Sockets are BI-DIRECTIONAL. If you've ever actually dissected an Ethernet or Serial cable or seen the low-level hardware wiring diagram for them, you can actually SEE distinct copper wires for the "TX" (transmit) and "RX" (receive) lines. The software for sending the signals, from the device controller up to most OS APIs for a 'socket', reflects this and it is the key difference between a socket and an ordinary pipe on most systems (e.g. Linux).
To really get the most out of sockets, you need:
1) Async IO support that uses IO Completion Ports, epoll(), or some similar async callback or event system to 'wake up' whenever data comes in on the socket. This then must call your lowest-level 'ReadData' API to read the message off the socket connection.
2) A 2nd API that supports the low-level writes, a 'WriteData' (transmit) that pushes bytes onto the socket and does not depend on anything the 'ReadData' logic needs. Remember, your send and receive are independent even at the hardware level, so don't introduce locking or other synchronization at this level.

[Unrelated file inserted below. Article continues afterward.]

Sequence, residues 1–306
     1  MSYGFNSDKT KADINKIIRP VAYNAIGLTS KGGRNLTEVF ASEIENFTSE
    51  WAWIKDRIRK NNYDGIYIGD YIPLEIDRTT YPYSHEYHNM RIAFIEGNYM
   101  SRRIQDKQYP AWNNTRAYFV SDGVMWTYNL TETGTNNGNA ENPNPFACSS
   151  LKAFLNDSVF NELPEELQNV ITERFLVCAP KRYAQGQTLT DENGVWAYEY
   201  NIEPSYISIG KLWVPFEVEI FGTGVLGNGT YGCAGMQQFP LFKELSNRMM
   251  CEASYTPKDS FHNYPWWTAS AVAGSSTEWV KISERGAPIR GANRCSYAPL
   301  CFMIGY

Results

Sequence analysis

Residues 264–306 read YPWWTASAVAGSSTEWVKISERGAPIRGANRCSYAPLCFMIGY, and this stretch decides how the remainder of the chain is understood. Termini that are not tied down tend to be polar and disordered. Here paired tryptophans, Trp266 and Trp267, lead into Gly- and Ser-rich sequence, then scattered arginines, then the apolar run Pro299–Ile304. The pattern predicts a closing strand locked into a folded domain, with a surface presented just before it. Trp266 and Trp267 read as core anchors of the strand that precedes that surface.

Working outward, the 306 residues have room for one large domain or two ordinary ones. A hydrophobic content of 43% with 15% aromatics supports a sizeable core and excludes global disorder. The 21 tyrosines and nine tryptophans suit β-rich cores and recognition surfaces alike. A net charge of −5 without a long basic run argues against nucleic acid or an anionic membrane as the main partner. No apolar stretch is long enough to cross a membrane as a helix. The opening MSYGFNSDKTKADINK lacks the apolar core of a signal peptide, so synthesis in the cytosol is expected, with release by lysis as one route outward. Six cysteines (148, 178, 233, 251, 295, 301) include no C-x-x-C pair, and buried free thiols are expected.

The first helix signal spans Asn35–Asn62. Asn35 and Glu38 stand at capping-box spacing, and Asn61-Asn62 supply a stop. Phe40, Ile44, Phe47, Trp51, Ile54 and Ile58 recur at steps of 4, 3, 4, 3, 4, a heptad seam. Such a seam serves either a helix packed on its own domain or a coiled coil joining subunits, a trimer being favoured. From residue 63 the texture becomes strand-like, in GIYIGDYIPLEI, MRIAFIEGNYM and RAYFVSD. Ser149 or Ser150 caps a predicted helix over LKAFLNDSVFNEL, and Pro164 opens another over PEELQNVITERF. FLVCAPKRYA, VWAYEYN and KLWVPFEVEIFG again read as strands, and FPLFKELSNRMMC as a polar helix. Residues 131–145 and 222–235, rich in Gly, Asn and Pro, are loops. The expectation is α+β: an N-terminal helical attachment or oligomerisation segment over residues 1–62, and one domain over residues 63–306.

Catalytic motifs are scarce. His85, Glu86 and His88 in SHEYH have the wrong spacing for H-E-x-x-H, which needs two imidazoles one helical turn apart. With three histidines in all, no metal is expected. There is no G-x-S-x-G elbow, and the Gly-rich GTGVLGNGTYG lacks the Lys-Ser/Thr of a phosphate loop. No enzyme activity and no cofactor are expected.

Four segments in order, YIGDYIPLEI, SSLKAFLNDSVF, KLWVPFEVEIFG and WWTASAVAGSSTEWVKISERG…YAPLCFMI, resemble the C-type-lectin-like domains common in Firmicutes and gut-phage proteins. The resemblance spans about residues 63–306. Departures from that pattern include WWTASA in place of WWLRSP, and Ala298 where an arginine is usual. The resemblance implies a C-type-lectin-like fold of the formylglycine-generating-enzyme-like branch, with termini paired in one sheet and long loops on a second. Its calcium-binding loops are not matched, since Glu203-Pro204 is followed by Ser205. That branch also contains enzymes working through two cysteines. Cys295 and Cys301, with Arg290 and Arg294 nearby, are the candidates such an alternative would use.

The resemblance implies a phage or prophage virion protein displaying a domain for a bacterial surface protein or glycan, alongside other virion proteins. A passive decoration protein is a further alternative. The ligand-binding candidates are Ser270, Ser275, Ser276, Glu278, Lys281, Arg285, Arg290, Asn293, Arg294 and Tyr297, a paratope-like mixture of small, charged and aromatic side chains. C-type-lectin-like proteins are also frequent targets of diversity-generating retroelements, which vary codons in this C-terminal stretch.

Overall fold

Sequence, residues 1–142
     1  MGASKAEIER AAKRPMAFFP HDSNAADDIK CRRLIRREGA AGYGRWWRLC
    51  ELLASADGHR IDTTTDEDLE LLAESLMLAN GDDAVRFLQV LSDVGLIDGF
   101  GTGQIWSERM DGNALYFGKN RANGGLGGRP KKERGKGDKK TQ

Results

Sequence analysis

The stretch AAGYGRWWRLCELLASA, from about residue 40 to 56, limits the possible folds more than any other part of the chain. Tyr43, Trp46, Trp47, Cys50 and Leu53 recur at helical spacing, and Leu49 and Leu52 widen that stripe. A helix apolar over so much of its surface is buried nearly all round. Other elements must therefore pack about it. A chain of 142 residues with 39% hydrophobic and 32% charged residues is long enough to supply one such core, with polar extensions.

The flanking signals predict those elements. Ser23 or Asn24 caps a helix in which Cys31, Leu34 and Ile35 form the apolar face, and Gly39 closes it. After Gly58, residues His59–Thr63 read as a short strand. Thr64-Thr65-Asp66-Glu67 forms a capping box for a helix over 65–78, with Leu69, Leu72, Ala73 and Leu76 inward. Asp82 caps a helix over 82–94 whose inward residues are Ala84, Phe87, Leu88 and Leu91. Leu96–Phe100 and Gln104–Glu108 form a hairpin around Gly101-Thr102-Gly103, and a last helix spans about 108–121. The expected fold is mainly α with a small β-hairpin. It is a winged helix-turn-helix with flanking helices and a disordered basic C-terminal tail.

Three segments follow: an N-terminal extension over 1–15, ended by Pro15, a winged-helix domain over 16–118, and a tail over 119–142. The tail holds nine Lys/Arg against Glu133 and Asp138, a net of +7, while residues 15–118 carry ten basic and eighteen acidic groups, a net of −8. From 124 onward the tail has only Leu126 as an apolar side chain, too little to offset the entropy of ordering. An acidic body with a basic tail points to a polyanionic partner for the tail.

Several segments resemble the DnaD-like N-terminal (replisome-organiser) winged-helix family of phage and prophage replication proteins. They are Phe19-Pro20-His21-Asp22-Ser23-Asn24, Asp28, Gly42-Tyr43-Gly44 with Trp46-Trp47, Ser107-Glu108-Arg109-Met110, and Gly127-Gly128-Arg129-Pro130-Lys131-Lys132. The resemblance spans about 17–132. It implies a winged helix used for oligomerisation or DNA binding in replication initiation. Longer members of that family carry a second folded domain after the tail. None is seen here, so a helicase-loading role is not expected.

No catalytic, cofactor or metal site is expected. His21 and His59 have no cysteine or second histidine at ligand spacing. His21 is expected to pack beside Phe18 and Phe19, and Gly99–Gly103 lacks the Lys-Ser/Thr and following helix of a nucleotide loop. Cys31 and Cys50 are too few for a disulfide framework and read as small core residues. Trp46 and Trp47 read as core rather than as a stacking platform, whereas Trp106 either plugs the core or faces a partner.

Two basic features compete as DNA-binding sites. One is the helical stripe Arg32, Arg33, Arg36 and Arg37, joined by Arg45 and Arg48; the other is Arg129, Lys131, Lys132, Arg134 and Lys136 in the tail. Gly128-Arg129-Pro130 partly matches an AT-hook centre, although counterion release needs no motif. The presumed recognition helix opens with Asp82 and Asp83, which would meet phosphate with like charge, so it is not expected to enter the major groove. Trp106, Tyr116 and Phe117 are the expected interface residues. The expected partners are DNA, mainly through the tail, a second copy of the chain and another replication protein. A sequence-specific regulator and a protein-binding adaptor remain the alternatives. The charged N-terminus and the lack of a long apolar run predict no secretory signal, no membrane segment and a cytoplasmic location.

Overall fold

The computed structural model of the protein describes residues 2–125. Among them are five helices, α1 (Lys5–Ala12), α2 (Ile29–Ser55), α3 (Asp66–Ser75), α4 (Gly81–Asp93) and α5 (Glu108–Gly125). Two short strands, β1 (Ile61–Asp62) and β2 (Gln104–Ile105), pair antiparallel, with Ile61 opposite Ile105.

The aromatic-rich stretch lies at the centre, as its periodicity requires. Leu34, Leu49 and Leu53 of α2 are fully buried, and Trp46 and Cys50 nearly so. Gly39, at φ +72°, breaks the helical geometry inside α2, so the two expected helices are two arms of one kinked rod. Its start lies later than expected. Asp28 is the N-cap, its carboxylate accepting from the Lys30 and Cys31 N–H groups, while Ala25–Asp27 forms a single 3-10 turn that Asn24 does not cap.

3) A pool of Socket IO threads, which blindly do any processing of data that is read from or will be written to a socket.
4) PROTOCOL CALLBACK: A callback object the socket threads have smart pointers to. It handles any PROTOCOL layer- such as parsing your data blob into a real HTTP request- that sits on top of the basic socket connection. Remember, a socket is just a data pipe between computers and data sent over it will often arrive as a series of fragments- the packets. In protocols like UDP the packets aren't even in order. The low-level 'ReadData' and 'WriteData' will callback from their threads into here, because it is where content-aware data processing actually begins.
5) Any callbacks the protocol handler itself needs. For HTTP, you package the raw request buffers into nice objects that you hand off to a real servlet, which should return a nice response object that can be serialized into an HTTP spec-compliant response.
Notice the basic pattern: You have to make the whole system fundamentally async (an 'onion of callbacks') if you wish to take full advantage of bi-directional, async IO over sockets. The only way to read and write simultaneously to the socket is with threads, so you could still synchronize between a 'writer' and 'reader' thread, but I'd only do it if the protocol or other considerations forced my hand. The good news is that you can get great performance with sockets using highly async processing, the bad is that building such a system in a robust way is a serious effort.